The following is a guest post by Amy Gray, who blogs at PeskyFeminist.com
One of the greatest fertilisers of editorial at the moment is asking whether feminism is dead, or has lost its way, or has been rejected by a growing generation. Perhaps someone will decry feminism as being “out of step” with the real world – or, even better, discuss who is more authentic: grass roots or academic feminism.
Perhaps it’s a sign of partial success that there is oxygen to devote to this over potentially more pressing matters. Perhaps it’s a sign that there is a growing chorus of voices all singing from different hymn books of varying exaltations and despair. Perhaps it’s an unconscious backlash.
More likely, though, is that feminism is becoming more nuanced.
I was recently lucky enough to attend a panel discussion held by the Multicultual Centre for Women’s Health (MCWH) to listen to amazing women ask “Does Feminism Speak for All Women?” Moderated by the legendary Hanifa Deen, the panelists discussed their introduction and attraction to feminism, the challenges and opportunities within Australia, and their thoughts on the path forward.
Dr Odette Kaleda, spoke of female genital mutilation and the power of whiteness. Policy analyst and writer Durkhanai Ayubi spoke of finding and fighting for her independence. Cultural critic and panelist, Juliana Qian spoke of her strong, educated mother and grandmother. That each of these speakers shared such a different story under the unifying banner of feminism highlighted that there are just as many individual and unique experiences as there are universal ones.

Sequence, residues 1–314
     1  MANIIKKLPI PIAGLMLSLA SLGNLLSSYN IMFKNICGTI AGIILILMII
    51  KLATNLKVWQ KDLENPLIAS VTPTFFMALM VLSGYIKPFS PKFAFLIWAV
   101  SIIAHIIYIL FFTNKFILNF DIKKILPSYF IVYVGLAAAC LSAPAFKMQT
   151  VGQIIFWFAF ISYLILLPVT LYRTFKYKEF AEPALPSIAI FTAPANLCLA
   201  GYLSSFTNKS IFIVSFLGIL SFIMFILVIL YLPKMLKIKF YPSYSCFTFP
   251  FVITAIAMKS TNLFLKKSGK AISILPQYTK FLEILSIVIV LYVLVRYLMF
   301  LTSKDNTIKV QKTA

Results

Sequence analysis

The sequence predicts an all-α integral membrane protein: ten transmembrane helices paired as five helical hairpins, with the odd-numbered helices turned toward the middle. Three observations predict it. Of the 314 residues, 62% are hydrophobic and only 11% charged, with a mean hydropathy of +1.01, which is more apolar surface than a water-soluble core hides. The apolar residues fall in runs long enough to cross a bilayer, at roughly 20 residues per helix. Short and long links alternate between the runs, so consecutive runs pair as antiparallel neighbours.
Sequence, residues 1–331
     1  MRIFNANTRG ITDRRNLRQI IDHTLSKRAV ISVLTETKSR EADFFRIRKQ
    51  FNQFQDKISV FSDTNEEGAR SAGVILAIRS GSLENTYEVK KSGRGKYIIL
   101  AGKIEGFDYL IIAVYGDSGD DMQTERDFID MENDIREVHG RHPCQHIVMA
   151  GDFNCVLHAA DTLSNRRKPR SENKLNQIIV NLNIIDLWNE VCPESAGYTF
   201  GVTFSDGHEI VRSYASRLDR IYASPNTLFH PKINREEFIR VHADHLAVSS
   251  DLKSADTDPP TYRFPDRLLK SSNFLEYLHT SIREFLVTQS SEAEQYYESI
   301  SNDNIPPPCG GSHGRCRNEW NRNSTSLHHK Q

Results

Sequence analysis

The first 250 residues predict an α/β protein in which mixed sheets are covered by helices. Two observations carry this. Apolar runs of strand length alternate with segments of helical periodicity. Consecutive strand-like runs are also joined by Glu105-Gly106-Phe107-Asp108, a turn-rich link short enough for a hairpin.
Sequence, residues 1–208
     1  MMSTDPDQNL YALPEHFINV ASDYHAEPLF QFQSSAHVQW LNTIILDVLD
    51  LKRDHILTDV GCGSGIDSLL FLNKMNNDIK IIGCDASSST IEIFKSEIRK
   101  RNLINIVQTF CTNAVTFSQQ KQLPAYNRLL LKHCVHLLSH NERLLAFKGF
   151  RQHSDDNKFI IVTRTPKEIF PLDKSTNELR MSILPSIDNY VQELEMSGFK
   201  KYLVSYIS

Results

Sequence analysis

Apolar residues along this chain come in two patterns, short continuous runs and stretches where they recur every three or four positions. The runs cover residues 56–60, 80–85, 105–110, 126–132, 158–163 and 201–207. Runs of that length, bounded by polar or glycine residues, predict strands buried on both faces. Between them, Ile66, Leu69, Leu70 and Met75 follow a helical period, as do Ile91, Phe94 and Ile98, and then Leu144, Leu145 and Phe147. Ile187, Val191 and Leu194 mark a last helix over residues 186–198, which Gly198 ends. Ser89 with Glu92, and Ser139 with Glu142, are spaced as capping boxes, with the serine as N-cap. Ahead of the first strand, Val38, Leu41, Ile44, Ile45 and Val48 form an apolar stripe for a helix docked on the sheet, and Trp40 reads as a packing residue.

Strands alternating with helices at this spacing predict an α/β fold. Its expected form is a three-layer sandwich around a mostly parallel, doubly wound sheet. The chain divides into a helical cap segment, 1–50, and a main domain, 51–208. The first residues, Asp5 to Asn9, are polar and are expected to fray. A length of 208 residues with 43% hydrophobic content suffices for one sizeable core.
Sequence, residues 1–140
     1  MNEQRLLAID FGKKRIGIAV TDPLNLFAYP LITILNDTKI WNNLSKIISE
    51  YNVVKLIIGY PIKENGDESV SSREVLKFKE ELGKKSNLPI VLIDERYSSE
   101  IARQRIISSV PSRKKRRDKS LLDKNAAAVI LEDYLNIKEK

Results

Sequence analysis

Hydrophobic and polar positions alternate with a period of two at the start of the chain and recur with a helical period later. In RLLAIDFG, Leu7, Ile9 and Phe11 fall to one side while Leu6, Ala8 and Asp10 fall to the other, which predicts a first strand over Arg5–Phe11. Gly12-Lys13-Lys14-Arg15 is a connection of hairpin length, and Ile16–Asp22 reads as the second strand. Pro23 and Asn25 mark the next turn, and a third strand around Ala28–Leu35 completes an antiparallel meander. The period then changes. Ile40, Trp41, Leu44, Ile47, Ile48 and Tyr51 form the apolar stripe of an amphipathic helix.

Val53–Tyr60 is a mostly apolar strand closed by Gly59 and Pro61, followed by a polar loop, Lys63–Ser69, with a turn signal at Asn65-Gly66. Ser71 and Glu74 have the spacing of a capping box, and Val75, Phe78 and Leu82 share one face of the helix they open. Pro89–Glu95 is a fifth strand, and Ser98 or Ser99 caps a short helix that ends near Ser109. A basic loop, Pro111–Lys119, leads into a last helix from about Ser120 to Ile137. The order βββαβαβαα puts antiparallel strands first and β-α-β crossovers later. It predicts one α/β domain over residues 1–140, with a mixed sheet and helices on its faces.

We can say that the broad aim of feminism is to have equal status and opportunity as men. But, as an aim, it is so broad as to be meaningless – to wide a target to hit, and too blurred with other forms of discrimination. To address this aim, we need the theory of “intersectionality” – an understanding that race, class, ability, ethnicity and gender all combine for unpredictable results. Current thinking about inequality must get smarter; sharing space and ideas for greater representation and action.
Panelist Juliana Qian summed up discussion best when she said, “there’s no one feminism to speak to all women for all situations”.
It’s an interesting thought, especially considering how western feminists are criticised for not doing more about the plight of women in places such as the Middle East or India (as two examples). In a piece for the Drum, Swati Parashar claimed that western feminists were silent over the Delhi rape case. There are actually plenty of outraged op-eds to counter that argument, but it nonetheless raises the question: are feminists expected to have the answers to fix all the issues, no matter where they are? Is that even helpful?
Panelist Durkhanai Ayubi has also spoken about how the current conflict in Afghanistan has made life, safety and education worse for women – and this was a conflict were helping women was presented as a compelling reason to invade. Does it mean there should be no discussion? No, but there should be more education and, most importantly, a realisation that no one culture has the sole voice or cure for women around the world.
That’s the key takeaway: there can be no one voice, no one pursuit of feminism.
It’s also one of the key strengths of All About Women: you will have the opportunity to hear many different voices and ask many different questions.
Enjoy them all. The more perspectives that crowd your mind, the more opportunities for action and education we have, and the better the future we offer to the next generation.
By Amy Gray, PeskyFeminist.com